Newborn Hearing Screening
About the Service
Newborn Hearing Screening involves testing babies hearing within the first few weeks of life. It is now carried out across the country, which means that every baby born in England will have their hearing tested shortly after birth. Evidence suggests that the earlier a child’s hearing impairment is identified and an appropriate intervention programme introduced, the greater the chances they will develop better language skills and enjoy benefits in speech, social and emotional development.
When will the screening test be done?
The screening test will be done in the first few weeks of life. It may be done before leaving the maternity unit or at an appointment at a local health clinic or hospital, one or two weeks after birth.
What will happen when my baby is screened?
There are two types of screen used. One is the Oto-acoustic emission (OAE) screen. This involves placing a small soft tipped ear-piece in the outer part of the baby’s ear and playing quiet clicking sounds. In a hearing ear, the organ of hearing (the cochlea) should produce sounds in response, which can be recorded on a computer. The second type of screen involves placing small sensors on the baby’s head and neck and then presenting a quiet clicking sound, through soft head-phones especially designed for babies. Both screening methods usually only take a few minutes and can be done when the baby is asleep. The screening test does not hurt and is not uncomfortable for the baby. It will be carried out by a trained hearing screener.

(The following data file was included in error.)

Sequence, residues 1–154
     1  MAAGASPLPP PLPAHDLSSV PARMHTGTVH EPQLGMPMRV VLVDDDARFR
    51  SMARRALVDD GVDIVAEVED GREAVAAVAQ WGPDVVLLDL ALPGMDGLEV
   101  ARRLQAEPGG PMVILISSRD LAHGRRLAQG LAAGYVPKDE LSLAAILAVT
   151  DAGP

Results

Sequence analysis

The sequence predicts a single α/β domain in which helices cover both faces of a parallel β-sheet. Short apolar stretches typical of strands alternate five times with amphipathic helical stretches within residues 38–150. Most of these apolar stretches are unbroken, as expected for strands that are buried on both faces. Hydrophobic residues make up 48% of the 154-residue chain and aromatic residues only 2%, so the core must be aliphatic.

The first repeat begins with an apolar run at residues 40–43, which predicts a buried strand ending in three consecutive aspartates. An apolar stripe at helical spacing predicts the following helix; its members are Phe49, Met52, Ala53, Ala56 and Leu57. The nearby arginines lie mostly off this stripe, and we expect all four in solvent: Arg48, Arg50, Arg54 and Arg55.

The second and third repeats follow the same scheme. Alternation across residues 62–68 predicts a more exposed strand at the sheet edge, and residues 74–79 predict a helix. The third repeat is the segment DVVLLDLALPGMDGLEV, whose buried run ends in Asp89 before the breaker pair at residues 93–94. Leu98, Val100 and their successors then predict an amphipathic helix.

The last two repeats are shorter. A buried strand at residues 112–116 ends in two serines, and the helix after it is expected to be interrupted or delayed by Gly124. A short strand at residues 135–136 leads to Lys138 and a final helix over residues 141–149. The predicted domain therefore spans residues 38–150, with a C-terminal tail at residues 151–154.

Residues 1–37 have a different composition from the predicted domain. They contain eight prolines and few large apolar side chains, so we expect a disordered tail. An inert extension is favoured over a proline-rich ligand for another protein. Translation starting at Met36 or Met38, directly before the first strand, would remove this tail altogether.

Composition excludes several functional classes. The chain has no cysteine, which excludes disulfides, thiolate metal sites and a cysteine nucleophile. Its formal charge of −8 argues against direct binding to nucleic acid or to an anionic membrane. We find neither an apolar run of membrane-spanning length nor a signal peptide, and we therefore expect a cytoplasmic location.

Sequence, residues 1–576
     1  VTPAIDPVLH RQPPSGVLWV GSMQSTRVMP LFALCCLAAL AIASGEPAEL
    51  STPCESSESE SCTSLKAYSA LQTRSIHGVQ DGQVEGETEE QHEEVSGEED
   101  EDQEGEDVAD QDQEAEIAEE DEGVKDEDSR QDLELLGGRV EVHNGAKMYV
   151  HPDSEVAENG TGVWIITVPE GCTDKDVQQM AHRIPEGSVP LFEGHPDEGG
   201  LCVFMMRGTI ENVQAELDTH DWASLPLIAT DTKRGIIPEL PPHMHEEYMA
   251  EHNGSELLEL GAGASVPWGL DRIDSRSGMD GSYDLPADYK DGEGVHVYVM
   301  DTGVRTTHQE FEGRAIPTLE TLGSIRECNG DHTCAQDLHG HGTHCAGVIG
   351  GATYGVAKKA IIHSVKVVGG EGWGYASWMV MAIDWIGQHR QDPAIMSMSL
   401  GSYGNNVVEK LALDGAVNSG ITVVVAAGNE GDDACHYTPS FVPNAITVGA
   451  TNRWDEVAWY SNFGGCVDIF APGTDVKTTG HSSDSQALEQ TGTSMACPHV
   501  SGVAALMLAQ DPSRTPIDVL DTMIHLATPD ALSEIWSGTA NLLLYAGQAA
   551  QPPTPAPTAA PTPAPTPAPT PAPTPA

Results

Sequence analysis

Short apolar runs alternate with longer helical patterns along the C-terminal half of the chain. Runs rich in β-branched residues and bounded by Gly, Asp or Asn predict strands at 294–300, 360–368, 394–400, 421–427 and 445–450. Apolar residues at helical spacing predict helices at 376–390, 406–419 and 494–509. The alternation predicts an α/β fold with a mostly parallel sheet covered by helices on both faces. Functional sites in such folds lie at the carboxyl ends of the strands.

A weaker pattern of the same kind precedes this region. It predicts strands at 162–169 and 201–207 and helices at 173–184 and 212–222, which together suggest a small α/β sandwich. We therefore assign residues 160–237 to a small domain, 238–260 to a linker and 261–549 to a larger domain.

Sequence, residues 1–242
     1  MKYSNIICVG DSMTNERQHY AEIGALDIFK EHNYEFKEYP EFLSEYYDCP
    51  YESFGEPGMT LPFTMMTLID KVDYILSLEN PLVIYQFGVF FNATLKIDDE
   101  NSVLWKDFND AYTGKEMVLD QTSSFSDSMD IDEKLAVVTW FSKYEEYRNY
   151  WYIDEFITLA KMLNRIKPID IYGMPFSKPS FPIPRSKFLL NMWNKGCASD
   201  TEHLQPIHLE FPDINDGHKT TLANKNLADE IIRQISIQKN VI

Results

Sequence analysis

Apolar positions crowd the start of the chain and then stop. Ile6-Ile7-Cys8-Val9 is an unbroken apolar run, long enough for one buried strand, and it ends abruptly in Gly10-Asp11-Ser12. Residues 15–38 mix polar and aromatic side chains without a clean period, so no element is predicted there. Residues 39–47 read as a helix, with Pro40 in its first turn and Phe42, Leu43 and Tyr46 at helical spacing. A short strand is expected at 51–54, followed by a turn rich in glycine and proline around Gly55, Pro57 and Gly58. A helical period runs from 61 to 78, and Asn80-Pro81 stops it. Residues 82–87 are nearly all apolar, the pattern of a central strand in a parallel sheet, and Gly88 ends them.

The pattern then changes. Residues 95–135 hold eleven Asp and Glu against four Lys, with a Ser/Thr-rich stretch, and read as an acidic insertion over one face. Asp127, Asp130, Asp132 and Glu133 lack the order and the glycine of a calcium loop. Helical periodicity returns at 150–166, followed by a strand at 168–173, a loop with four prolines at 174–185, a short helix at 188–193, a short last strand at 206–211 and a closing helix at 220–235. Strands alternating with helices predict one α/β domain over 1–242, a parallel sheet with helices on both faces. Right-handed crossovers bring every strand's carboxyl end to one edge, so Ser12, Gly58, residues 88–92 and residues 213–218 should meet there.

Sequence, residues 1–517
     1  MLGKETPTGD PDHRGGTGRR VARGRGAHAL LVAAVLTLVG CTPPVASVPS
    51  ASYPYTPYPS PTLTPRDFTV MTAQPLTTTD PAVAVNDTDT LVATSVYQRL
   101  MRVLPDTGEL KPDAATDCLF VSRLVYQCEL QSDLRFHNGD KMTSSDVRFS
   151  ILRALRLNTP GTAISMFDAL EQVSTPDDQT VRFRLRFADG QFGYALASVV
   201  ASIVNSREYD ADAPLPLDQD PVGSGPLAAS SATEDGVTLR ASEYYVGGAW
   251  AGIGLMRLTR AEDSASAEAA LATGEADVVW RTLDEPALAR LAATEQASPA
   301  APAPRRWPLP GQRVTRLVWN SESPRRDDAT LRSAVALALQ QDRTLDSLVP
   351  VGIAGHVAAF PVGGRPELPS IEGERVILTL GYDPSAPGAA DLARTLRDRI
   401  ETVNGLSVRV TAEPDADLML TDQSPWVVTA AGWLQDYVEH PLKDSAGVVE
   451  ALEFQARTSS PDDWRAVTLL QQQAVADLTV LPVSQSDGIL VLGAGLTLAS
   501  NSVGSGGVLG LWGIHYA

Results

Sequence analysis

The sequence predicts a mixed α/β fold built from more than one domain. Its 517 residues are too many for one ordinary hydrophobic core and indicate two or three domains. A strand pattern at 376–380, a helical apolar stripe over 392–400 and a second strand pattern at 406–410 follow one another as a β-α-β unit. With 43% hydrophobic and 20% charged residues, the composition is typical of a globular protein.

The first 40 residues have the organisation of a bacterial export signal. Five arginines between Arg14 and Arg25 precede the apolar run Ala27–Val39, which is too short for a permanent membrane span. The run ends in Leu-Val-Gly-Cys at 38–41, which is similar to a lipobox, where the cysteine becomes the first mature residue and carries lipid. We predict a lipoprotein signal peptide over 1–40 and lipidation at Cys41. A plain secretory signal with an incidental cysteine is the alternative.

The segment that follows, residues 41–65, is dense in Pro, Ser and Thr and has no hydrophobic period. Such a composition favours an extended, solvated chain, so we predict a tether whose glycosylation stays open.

What does it mean if the screening test doesn’t show a strong response from one or both ears?
This often happens and does not necessarily mean that the baby has a hearing loss. There are a number of reasons why it might be difficult to check a baby’s hearing. The baby may have been unsettled during testing. They may have fluid or a temporary blockage in the ear after birth. There may have been background noise when the test was carried out.
Newborn Hearing Screening Locally
Newborn Hearing Screening began at the Norfolk and Norwich University Hospital on 1st July 2005. In the first year, six babies were identified as having hearing problems, who would not have been identified until a much later age, using the previous system of hearing checks. This has allowed the management of their hearing losses to begin at a much earlier age.